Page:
Marine Science Faculty Publications

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land adjacency effects, MODIS Aqua, short-wave infrared, atmospheric correction, stray-light, coastal and inland waters, ocean color, remote sensing reflectance

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Satellite measurements of coastal or inland waters near land/water interfaces suffer from land adjacency effects (LAEs), particularly in the short-wave infrared (SWIR) wavelengths. Here a statistical method was developed to quantify the LAEs as the ratio of top-of-atmosphere (TOA) total radiance (Lt, W m−2 µm−1 sr−1) between near-shore pixels and LAE-free offshore pixels (>12 pixels away from land). The calculations were conducted using MODIS Aqua images between 2003 and 2012 over the Madagascar Island, with results showing the dependency of LAEs on different environmental and observational factors. The LAEs decrease dramatically with increasing distance from shoreline, and increase with decreasing aerosol optical thickness at 869 nm (τ869). The nearby land surface albedo also plays a role in modulating the LAEs, but the impact is only prominent under low-aerosol conditions. Based on these observations, a look-up-table (LUT) to formulate a correction scheme was established. Tests of the correction scheme using satellite observations over the Hawaii Islands and using in situ measurements in the Chesapeake Bay show significant improvements in Lt (LAEs much closer to 1 than uncorrected data) and retrieved surface chlorophyll-a concentration (Chl-a, mg m−3), respectively. Furthermore, the number of Chl-a retrievals within the range of 0–64 mg m−3 also increases by >60%. While the ultimate solution of correcting the LAEs for coastal/inland water applications still requires further work, these preliminary results suggest that the method proposed here deserves further tests for other estuaries and lakes.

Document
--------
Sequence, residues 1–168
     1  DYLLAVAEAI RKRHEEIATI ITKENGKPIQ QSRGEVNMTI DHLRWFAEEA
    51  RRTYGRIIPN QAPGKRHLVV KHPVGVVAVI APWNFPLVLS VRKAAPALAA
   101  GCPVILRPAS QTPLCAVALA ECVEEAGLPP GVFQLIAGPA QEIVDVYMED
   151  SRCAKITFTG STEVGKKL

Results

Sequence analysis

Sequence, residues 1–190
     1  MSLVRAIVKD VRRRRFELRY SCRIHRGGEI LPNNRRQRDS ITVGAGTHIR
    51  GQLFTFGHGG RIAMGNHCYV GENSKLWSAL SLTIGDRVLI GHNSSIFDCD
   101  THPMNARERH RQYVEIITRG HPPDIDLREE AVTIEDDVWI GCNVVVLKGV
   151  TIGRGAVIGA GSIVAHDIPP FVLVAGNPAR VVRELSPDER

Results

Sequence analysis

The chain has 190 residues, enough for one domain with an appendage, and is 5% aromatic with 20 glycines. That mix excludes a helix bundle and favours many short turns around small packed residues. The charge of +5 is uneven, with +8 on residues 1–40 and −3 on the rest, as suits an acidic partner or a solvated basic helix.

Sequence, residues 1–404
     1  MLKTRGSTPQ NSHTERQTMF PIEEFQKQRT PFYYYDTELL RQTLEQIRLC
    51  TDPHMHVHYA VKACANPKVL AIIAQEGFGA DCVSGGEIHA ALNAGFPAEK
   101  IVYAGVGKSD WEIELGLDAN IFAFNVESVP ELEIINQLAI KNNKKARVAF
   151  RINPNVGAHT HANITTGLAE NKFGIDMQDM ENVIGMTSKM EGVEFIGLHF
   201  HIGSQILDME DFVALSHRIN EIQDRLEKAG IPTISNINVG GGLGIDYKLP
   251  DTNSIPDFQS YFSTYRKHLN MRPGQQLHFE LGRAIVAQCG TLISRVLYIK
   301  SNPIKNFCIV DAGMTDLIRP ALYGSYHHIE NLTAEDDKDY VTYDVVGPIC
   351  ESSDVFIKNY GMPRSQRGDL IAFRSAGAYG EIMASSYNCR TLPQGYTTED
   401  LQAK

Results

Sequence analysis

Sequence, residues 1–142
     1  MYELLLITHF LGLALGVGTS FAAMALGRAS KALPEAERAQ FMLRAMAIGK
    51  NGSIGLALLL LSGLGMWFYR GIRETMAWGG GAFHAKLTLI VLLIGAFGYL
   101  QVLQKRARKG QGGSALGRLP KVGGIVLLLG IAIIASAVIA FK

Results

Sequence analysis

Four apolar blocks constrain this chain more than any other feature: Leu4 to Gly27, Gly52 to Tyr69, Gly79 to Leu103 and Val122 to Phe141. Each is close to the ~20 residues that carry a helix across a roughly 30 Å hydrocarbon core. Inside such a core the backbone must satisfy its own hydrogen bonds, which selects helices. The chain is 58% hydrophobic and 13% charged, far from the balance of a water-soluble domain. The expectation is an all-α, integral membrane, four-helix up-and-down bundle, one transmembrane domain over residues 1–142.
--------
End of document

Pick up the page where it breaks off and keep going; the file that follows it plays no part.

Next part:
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Journal of Geophysical Research: Oceans, v. 122, issue 6, p. 4802-4818

©2017. American Geophysical Union. All Rights Reserved.

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